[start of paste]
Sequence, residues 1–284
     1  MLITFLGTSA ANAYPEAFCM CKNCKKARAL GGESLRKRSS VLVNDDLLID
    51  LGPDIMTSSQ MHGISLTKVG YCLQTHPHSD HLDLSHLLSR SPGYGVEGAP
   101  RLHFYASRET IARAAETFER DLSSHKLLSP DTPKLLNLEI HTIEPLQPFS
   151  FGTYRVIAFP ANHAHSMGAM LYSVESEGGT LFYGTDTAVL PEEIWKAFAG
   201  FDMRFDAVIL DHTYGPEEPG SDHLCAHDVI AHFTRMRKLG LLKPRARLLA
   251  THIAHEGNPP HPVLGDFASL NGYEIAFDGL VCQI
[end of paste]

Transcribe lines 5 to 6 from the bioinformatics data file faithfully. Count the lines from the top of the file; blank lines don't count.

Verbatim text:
   151  FGTYRVIAFP ANHAHSMGAM LYSVESEGGT LFYGTDTAVL PEEIWKAFAG
   201  FDMRFDAVIL DHTYGPEEPG SDHLCAHDVI AHFTRMRKLG LLKPRARLLA